TEAMS will be banned from playing in a locally-based football league next season unless they have insurance cover in place, Times Sport can reveal.
A rule making it compulsory for clubs to take out both Public Liability Insurance and ‘player-to-player’ insurance in order to compete in the Ballymena and Provincial Intermediate and Juniors Leagues will be rubber-stamped at the league’s AGM at the end of this month.
League officials have secured a block arrangement with a sports insurance company which will enable teams and clubs to meet the necessary insurance criteria for a sum of around £200 per season.
The move is designed to prevent clubs or the league from facing huge payouts for compensation and legal fees in the event of any incident surrounding a match, and also to provide financial protection to players who may have to take time off work as a result of injury sustained while playing football.
Clubs will have to have both Public Liability insurance in respect of injury
to club members and even spectators, as well as damage to their property, and also ‘player-to-player’ insurance in respect of incidents which occur on the field of play, such as injuries resulting from tackles.
BPIL secretary Billy McIlroy (left) told Times Sport that across the league’s intermediate and three junior divisions last season, a total of SEVEN players sustained serious injuries, including broken legs and ankles.
“At least two of those could be deemed ‘freak’ accidents where players sustained their injuries without being in contact with any other player.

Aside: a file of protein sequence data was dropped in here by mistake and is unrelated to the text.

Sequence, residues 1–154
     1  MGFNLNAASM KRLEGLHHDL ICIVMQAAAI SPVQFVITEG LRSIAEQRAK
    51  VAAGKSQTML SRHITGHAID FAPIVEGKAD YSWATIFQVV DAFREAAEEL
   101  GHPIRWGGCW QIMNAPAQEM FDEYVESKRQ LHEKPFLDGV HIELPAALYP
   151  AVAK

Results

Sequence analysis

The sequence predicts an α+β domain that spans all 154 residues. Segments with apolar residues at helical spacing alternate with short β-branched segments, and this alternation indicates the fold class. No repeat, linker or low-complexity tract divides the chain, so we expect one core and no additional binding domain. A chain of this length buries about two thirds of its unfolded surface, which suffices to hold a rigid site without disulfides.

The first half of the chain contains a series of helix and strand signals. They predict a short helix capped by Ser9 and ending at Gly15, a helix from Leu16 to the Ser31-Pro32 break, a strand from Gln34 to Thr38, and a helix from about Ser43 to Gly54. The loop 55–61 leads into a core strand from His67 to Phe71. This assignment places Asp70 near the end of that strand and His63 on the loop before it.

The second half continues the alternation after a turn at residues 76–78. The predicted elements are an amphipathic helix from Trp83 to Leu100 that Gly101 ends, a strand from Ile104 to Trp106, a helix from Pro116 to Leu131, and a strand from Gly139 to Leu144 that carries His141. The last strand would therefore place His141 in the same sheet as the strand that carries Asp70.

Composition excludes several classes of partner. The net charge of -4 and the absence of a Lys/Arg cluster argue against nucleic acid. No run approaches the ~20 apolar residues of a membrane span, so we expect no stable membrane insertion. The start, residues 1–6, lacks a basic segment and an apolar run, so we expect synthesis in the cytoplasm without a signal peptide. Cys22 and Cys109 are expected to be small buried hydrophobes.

“Having proper insurance cover in place is the only way to go because we now live in a ‘claim’ society - if teams don’t have themselves covered and a claim goes to court, it comes down to who is running the team or running the league.
“The figure of £200 maybe sounds like a lot at first but it is only £4 per week over a year - as one of the clubs who had a player badly injured last year said, it would take a lot more than £200 to cover the person for their loss of earnings.
“We have discussed the issue of insurance at length at each of our last two league meetings and no-one has come out and said they are against it.
“Just last week, I sent off money to the insurance company from 30 of our teams who had paid the money up front.
“There are other areas in Northern Ireland where if you go to book a pitch, the first thing the owners of the pitch will ask is to see your Public Liability policy - no-one wants to leave themselves open to a claim.”
The issue has been brought into sharper focus in recent weeks after Times Sport revealed that former Ballymena United player Paul Brown had been awarded a £7,500 payout from the Showgrounds club and the Irish FA in respect of an arm injury he received back in September 2007, when he fell onto the stock car track at the Warden Street venue during a match.
“Some clubs might say they don’t want to pay that sort of money but they will have to find themselves another league to play in,” added Mr McIlroy.
See inside for coverage from the league’s annual dinner.